Maybe, if we truly examined ourselves, we might come up with the same conclusions about ourselves as Lewis did about himself. I certainly did.

God cannot look at us – His judgment is death. Sounds a harsh judgment doesn't it? It's God's standards.

He created us for fellowship with Him, He sets the rules. He is sovereign. He is our heavenly Father and He still loves us – much as the same way any parent loves their child, and will make allowances for their child's demeanors. God's love for us is so great that His desire for us is that we are able to stand in His presence. We cannot make ourselves clean, holy and righteous. We can attain to it, but we fail.

We cannot make ourselves clean, holy and righteous

That's why He sent Jesus, His only begotten Son, to be our substitute. He became the sacrifice in our place, the sacrifice so that we can be cleansed, redeemed – bought back from Satan's grip.

God the father declared that Jesus the Son was ‘corban'...

  • the sacrificial offering
  • set apart for God as our substitute
  • sacrificed on the Cross of Calvary,

...so that we might be made clean. So, as we accept by faith, what Jesus did for us, our Father looks at us through the spilt blood of Jesus. We are blood-washed, we are redeemed – but only if we have received Christ for ourselves.

Yes, it's a personal thing – between me and God, between you and God.

And yes, Jesus died for the whole of mankind. But will the whole world accept what He accomplished? Probably not! Not everybody walking this earth will enter the Kingdom of Heaven. What will happen to those who won't is too much to contemplate.

Eternal life with Christ or eternal death with Satan. That's the awful choice!

What's your choice? That's one thing God gave to mankind at creation – freewill. The opportunity to freely choose. Of course, our Creator wants us to choose His way, but it must be our own choice. We were not created robots!

It's not for us to judge who will and will not accept Jesus as their Saviour. It is for us to present the Saviour to those around us – to be Christ's representatives, as it were.

God made a vow – that He would make a way. He made it back in Genesis, just after Adam and Eve had eaten the forbidden fruit – and we're not told that it was an apple! His Son was to be the sacrifice, so that you and I might be justified – that our sin might be dealt with. Our Father declared Jesus to be ‘corban', so that we might gain eternal life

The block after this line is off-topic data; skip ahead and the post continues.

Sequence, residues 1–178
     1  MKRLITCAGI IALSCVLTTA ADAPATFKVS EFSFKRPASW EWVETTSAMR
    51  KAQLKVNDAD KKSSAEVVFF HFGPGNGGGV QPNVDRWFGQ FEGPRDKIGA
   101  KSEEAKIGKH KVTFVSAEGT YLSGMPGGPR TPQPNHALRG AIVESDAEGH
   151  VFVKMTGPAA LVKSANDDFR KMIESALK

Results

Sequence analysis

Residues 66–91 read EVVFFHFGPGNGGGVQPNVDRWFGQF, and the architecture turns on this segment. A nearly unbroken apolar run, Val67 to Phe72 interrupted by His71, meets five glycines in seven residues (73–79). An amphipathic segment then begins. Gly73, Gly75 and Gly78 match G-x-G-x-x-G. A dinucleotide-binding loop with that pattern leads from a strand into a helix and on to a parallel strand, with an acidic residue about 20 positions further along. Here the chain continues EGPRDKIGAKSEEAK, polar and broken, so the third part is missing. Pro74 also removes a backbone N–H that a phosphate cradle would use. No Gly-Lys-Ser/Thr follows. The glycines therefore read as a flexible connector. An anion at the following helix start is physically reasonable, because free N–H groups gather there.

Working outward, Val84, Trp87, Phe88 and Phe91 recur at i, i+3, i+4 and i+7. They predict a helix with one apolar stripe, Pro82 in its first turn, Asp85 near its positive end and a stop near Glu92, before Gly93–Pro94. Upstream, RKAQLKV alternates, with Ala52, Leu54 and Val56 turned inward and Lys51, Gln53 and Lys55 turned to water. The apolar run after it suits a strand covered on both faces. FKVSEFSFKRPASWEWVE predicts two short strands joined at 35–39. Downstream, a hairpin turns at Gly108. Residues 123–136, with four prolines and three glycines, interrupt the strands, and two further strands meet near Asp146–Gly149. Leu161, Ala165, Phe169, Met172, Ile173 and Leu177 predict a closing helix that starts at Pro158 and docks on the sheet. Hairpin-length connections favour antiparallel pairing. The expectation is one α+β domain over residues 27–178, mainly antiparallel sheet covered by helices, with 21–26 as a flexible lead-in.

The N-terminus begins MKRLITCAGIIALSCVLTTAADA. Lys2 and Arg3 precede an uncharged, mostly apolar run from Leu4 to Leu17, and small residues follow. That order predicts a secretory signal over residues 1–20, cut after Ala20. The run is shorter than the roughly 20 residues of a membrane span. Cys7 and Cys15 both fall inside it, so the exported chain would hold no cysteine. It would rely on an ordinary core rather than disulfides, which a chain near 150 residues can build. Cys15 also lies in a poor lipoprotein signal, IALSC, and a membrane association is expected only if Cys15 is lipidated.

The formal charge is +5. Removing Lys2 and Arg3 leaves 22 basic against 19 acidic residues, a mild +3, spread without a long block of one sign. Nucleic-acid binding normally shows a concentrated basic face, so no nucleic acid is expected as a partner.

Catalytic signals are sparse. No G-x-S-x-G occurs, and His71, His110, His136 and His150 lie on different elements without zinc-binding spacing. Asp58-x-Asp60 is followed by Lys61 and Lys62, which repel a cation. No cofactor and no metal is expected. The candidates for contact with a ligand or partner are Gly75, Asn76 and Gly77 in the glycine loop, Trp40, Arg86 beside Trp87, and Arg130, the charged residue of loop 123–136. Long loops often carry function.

I find this an incredible truth – my name is written in the Lamb's Book of Life, because Jesus made it possible. Is your name there?

Once a year, the High priest entered the Holy of Holies to apply the blood. The blood atoned for sin – covered sin – to enable the High Priest to come into God's presence. If sins were not properly covered, then the High Priest would die.

Paul, in his letter to the Romans (Romans 6:23 NIV) writes . . .

For the wages of sin is death, but the gift of God is eternal life in Christ Jesus our Lord.
  • Every year, this ritual was repeated.
  • Every year, an animal was sacrificed.
  • Every year, the high Priest entered the Holy of Holies.
  • Every year, the sins of the Children of Israel were atoned for.

It's not necessary now, because Jesus died for the whole world – that's you and me. He was the final sacrifice. It's for me to accept by faith. It's for you to accept by faith. Our relationship with God is now restored. Hallelujah!

That's why the curtain in the Temple was torn from top to bottom the moment Jesus died – we now have direct access into God's presence. Jesus is our High Priest.

The Jews have not been able to repeat this ritual since AD 70, because the Romans destroyed the Temple. Is it possible that this was God's way of telling them that didn't need to offer the animal sacrifice any more – that there was now another way? And that other way was to receive Jesus as their final sacrifice.

peace with God

We don't need to repeat it – Jesus was sacrificed once for all. His spilt blood lasts for eternity – and that's a long time! We have peace with God. We are co-heirs with Jesus – the Lamb of God. Co-heirs of what? Co-heirs of the Kingdom of God, the eternal Kingdom. We are assured of eternal life, because Jesus is alive. Hallelujah!

Because our heavenly Father so loved each one of us, He made a vow – that Jesus was ‘corban', set aside, so that at the right time, he would be sacrificed for our sins and that our relationship with God might be restored.

* Translated by William Whiston (1667-1752)


All scripture quotations on this page, unless otherwise indicated, are taken from the Holy Bible, New International Version®, NIV®.
Copyright ©1973, 1978, 1984 by Biblica, Inc.™
Used by permission of Zondervan. All rights reserved worldwide.
www.zondervan.com

Back to Lessons page